The rest of the album gets spooky real quick; “Cabin Fever” has Siklvie playing the same paranoid bass line repeatedly, as the rest of the group delights in improvising and experimenting with held notes, crawling squeals and percussive tantrums. Closing track “Kaleidoscope” continually changes the pattern of sounds and brings to life to the track’s namesake.
The Creep will be a classic record in Nash’s discography and challenges the industry to be just as confounding, inventive and entertaining. (Plastic Sax Records) ~ 5 Stars
Music runs through David St. Germain’s veins. His father, Ray St. Germain is in the Canadian Country Music Hall of Fame and his sister Sherry is marking her own retro-pop path. David, in his own right, is an accomplished and seasoned performer, heck, he started playing gigs with his father at the young age of 12. So, how does his debut album hold-up after years of slogging it on the road?
As the album title suggests, David is sticking to his roots, but with a leaner and grittier country-rock attitude. These big sounds are expertly harnessed by producers Chris Sutherland and Howard Klopak.
Now, let’s get to the songs. First off, for those listeners looking to be challenged lyrically or musically…you’ve come to the wrong place. I know how awful that sounds but you can’t get past how clichéd most of this album is. Saying that, once you stop taking My Country Song too seriously, it gets to be quite enjoyable.
“Radio” opens with a familiar guitar riff before David belts out in that soulful voice: “It’s that song on the radio/I want to get back out on the road/say so long/Yeah, I’ve gotta go/these highways road to another show”. Yeah, I told you it was pretty soppy stuff, but before you know it, your humming it at work! The next four tracks build on this formula, “Over Again”, “Everybody Changes”, “Come Home” and “Exactly What I Needed” are all fun country pop-songs with repetitive, emotional build-ups that make for classic live songs.
Then comes in the title track, a song so horrible that it almost ruins any connection that David and the boys happened to make with the listener. It’s just one of those extremely dated 80’s hair metal songs that just comes off nasty. The final three songs make up for this mess as the appropriately titled “Beautiful”, a cover of Merle Haggard’s “Working Man Blues” and “The Duel” suggest a route that St. Germain should focus on – heart-felt ballads and spaghetti westerns. (Mind Meld Music) ~ 3 Stars
The Archives like to coin their sound as “Post-Rock” but like their bio’s straight forward founding principles – respect, brotherhood and good tunes – these guys are a straight forward alt-rock band with some great tunes and some so-so tunes.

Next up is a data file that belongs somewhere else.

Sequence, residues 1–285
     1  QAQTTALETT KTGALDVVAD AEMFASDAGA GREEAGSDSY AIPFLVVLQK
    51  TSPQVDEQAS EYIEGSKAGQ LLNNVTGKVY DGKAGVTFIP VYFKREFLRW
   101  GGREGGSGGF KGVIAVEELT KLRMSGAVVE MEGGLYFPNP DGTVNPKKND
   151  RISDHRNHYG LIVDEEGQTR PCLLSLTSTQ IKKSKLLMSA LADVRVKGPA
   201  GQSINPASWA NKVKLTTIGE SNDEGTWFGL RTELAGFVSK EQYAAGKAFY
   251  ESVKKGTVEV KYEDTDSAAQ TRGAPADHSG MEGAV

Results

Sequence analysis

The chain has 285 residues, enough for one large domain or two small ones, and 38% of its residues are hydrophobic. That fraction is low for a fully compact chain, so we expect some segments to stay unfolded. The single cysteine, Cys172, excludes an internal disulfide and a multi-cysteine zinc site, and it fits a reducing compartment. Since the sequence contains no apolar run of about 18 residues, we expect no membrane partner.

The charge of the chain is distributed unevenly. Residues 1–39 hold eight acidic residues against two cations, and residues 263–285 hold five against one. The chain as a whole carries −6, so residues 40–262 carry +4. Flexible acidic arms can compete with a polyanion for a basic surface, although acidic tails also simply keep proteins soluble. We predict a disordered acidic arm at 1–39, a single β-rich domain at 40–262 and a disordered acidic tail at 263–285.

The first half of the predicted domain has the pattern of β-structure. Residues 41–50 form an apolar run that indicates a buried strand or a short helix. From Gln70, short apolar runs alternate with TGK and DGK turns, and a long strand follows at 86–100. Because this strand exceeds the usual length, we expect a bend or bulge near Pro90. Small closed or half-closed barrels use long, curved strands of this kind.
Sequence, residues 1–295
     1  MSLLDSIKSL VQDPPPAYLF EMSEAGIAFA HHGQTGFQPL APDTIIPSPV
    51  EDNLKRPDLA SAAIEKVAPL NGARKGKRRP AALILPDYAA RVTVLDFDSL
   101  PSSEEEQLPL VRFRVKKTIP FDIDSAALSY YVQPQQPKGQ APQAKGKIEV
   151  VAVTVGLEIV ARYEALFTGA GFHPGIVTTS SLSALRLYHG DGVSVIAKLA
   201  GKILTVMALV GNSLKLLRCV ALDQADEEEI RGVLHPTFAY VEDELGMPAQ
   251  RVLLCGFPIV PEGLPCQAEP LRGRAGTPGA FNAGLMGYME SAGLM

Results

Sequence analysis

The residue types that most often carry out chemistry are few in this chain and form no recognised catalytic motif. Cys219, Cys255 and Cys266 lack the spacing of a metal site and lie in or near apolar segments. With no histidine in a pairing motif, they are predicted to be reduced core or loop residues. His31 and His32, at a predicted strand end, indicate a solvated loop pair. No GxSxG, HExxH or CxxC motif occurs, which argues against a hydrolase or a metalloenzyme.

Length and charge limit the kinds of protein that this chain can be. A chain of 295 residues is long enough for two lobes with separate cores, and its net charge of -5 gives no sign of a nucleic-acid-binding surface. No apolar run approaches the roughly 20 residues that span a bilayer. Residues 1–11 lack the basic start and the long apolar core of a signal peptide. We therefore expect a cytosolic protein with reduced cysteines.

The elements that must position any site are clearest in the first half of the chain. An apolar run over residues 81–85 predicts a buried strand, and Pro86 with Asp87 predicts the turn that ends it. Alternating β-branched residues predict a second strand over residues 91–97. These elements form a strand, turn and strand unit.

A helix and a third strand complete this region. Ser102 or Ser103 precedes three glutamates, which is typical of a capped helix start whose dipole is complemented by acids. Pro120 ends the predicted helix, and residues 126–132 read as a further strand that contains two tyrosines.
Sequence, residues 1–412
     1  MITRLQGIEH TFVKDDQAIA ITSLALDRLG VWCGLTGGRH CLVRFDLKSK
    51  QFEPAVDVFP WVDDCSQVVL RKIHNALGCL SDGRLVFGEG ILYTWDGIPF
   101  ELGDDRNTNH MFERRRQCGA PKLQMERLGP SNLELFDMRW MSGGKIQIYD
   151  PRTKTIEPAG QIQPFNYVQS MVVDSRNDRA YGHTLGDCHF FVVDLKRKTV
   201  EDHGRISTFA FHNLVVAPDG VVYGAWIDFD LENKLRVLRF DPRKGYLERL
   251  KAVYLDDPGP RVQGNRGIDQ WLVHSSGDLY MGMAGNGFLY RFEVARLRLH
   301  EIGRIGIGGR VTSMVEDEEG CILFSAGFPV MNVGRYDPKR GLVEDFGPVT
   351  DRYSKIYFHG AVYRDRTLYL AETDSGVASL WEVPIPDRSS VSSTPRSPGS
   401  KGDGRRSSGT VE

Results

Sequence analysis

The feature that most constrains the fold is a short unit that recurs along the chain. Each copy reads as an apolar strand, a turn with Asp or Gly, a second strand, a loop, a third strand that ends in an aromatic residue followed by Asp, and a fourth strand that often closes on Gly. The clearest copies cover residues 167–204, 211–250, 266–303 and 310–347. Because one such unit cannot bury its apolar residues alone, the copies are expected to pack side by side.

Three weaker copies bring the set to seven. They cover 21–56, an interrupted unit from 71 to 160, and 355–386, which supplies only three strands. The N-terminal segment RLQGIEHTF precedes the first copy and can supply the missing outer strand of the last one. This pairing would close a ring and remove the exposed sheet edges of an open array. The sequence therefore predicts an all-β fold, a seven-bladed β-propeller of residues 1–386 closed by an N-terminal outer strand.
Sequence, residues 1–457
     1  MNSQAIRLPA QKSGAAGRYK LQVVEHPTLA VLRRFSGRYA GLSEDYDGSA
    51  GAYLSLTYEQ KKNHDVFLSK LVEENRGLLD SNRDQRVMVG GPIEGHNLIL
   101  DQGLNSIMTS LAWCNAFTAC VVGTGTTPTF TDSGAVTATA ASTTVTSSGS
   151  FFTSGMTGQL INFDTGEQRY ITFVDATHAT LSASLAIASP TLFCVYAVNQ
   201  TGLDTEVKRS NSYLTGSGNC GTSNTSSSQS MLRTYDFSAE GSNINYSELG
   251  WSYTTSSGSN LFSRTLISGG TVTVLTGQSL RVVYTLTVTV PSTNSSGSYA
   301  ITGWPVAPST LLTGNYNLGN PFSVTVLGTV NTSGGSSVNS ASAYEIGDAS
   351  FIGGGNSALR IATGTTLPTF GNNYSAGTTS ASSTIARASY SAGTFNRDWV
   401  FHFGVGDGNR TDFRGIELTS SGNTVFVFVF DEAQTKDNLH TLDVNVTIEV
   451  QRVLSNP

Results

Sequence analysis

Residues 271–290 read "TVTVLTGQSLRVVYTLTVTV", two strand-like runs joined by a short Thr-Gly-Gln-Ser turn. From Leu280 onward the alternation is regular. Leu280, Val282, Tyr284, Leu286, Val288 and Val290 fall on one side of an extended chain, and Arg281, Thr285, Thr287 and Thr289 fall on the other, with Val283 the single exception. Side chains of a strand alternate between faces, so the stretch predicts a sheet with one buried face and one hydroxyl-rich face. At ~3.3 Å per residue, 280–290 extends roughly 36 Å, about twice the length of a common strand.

Blasting in with anthemic opener “Home” The Archives layer distorted guitar drones, tones and fuzz while their secret weapon, drummer Kevin White, destroys the kit with a steady stream of stadium worthy fills. Follow-up track “Two Far Gone” gets a little dirtier but sticks pretty close to their infectious opener while “The City” takes the listener from mid-tempo rock-pop meanderings into some really fun punk build-ups.
Unfortunately, The Archives get a little sloppy on the bottom half of this EP. “Birds On A Bridge”, “Sheeps Clothing” and “Tiger Hugs” all build-up into huge loud rockers but there is nothing particularly interesting about their arrangements. I also realize that these three tracks are far less radio-oriented and could be the band developing their more artsy side which I’m all for, but, they do take the steam out of the record.
I look forward to hearing more from The Archives, this band is developing into a cohesive mess of roaring guitars. (Independent)
Rating: 2.5/5 Stars
Opener “Construction On The Street” is a stream of consciousness narrative about a steamy romance over tight indie-rock beats. “Streets” also contains the first of many witticisms on the album that could have been tweeted – “Listening to Pavement/Wondering where the day went”. “Harbord & Grace” is another upbeat number that throws in horns at all the right moments.
“If You Don’t Pursue” echoes those 70’s influences over moody guitar tones and scattering piano notes, which leads to Two Horses’ best track; the stark “Arc Blues” which sounds instantly familiar with simple acoustic pulls and bright upright bass sounds. Not only does “Blues” showcase Cornfield’s songwriting skills it puts her captivating voice centre stage – there is an attitude there that transcends just sounding pretty. Cornfield doesn’t hit that vocal vibe again until the beautiful piano piece “Port Town” and the closing title track where she seethes “You could have said there’s someone else now”.
Two Horses is an enjoyable listen right from the start, but really there are no big surprises. Every song builds as anticipated but she covers enough musical ground to keep things interesting. (Independent)
Rating: 3/5 Stars